About two weeks ago, the Lagos state butchers association declared Friday September 12 as a day to refrain from sales of fresh meat and meat products in honour of late former treasurer of the association, Alhaji Chief Abdul-Raimi Balogun.
Balogun, a founding member of the association who was treasurer from 1995 to 2004 and passed away on June 7, 2014, is to be celebrated at Oshodi/Isolo local government where his son, Honourable Afeez Ipesa-Balogun, was chairman for eight years (1999-2007).
“He was a strong pillar of butchers association; he performed so well as ttreasurer of the association,” Babatunde Iskilu Akinola, chairman of Young Butchers Association, Mushin unit, told TheCable.
“He was a great man; we love him, but God loves him more.”
Akinola revealed that the association had been informing the public about its no-work decision for about two weeks prior the date set.
“We have been announcing this for about two weeks, hence the people are aware,” he said.
“For those who have customers that may include food vendors, we sold meat that would be sufficient for the time while the work-free day would hold. They can decide to fry it and preserve it for the time needed.”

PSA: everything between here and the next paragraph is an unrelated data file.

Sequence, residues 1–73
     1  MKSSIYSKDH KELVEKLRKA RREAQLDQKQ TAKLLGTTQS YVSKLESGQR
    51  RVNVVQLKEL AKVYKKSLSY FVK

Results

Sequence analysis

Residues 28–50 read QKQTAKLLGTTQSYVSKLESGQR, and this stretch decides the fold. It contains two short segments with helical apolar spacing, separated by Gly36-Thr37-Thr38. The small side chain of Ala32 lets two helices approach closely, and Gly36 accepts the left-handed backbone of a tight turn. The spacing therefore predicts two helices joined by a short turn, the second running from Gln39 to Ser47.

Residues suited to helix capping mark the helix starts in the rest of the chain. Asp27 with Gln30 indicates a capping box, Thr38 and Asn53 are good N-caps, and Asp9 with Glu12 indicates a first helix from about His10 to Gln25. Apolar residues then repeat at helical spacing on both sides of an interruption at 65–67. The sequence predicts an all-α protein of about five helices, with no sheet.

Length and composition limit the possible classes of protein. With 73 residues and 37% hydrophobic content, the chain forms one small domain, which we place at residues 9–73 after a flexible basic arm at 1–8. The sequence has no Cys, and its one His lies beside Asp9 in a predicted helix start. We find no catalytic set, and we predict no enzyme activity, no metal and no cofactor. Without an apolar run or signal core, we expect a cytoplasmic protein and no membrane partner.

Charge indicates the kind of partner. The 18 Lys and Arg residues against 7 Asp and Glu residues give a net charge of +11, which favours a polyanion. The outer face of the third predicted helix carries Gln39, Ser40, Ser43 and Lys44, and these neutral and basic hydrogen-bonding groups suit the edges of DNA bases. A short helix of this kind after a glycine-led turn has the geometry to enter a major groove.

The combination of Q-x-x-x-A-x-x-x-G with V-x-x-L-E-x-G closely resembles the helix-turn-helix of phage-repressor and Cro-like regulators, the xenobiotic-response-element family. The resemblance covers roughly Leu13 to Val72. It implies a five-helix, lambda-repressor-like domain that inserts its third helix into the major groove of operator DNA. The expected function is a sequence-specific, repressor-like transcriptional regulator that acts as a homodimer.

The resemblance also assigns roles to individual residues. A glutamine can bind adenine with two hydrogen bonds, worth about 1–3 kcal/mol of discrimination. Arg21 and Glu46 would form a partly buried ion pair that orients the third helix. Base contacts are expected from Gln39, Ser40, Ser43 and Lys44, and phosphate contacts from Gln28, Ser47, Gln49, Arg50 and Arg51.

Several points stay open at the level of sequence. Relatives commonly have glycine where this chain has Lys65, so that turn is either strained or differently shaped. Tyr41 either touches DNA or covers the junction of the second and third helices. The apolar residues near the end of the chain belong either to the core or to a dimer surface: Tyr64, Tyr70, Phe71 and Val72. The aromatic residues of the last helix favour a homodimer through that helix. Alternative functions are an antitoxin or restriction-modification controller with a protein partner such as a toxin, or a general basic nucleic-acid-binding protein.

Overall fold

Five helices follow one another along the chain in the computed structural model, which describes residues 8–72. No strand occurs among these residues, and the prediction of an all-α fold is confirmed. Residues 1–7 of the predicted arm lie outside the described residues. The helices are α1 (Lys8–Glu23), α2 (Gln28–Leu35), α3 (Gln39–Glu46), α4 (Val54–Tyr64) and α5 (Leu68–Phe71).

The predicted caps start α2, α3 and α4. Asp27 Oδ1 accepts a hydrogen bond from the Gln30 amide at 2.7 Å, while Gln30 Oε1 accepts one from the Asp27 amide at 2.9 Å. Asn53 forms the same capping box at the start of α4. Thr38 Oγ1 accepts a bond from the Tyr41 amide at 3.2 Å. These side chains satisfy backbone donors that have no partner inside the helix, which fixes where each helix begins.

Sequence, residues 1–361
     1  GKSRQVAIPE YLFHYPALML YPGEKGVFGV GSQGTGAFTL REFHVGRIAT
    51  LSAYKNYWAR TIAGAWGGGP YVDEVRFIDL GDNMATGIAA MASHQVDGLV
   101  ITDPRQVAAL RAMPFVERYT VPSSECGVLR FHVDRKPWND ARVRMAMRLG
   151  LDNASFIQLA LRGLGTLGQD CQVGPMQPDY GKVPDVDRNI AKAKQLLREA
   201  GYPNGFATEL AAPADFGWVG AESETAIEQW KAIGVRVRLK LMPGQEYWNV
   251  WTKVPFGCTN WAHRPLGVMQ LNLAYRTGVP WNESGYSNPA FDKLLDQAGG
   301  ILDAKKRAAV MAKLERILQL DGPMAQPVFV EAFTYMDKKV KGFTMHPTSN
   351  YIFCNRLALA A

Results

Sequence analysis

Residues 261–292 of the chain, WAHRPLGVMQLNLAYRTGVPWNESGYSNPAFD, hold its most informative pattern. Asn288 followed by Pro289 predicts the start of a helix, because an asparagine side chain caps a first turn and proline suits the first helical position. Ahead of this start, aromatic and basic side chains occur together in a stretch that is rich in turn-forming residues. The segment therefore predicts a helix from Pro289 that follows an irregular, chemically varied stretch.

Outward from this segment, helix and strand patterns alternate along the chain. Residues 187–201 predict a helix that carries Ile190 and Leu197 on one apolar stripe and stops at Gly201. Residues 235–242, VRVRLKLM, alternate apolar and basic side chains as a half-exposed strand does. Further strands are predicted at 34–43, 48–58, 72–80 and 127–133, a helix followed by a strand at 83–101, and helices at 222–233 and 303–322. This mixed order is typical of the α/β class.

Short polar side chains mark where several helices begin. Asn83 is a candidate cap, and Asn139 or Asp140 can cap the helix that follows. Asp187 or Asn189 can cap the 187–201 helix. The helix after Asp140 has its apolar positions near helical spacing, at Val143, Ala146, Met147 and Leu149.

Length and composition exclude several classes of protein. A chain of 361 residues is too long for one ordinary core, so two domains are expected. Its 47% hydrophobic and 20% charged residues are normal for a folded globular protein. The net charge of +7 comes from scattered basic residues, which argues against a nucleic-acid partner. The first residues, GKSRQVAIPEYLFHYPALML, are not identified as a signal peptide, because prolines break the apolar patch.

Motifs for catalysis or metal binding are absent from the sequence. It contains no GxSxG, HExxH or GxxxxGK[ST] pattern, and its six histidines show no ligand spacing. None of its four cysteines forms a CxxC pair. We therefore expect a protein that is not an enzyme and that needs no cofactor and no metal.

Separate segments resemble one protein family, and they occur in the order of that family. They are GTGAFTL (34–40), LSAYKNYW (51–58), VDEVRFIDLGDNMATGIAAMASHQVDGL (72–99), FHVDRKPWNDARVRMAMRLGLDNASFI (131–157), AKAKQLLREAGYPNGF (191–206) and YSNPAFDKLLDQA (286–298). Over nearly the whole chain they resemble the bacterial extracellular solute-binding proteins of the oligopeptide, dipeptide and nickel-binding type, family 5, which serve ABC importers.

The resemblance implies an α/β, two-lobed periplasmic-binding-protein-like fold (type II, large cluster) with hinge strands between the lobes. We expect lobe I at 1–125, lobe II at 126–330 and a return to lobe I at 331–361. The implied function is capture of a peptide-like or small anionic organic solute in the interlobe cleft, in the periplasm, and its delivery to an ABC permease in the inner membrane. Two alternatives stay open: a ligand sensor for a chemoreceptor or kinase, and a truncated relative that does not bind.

Anyone who goes against the declaration, he stressed, is an enemy, and would be punished by the state office if apprehended.
“According to the state constitution, we met and decided at the state office on September 10 that anywhere fresh meat is found tomorrow, the chairman of that market would face the consequence. The penalty would be decided by the state office,” he said.
Yes, the decision to honour the butchers’ hero is a good one, as he was described by many as a great man. But the result is simple: no meat on Friday for the whole of Lagos – literally so.
But has anyone ever imagined waking up to a day without water or one without premium motor spirit (petrol) and kerosene because a prominent member of the association has passed on?
We have experienced times in the past when markets would be closed in the name of celebrating the life of the husband to the elder sister’s brother of a ‘great Iyaloja’.
What would happen someday in Lagos, a city of over 18 million people, if the association of drivers decided to ‘celebrate’ the 50th birthday of one of its own, and declared a work-free day? A day without public means of transportation!
What would be the state of Lagos and of the nation at large, if all hospitals had celebrated the passing of one of their own and declared July 20 a work-free day?
Perhaps Patrick Sawyer would have travelled to Ibadan via public transport (since all Lagos hospitals were in celebration mood) and headed straight for the University College Hospital (UCH).
Our index case would have infected a number beyond what we have on our hands today; and the celebration of one life would probably have led to the mourning of many others.
Perhaps the time has come for lawmakers to start weighing legislations to curb indiscriminate declaration of work-free days by providers of services that directly impact day-to-day living of the people.
May the soul of the deceased rest in peace.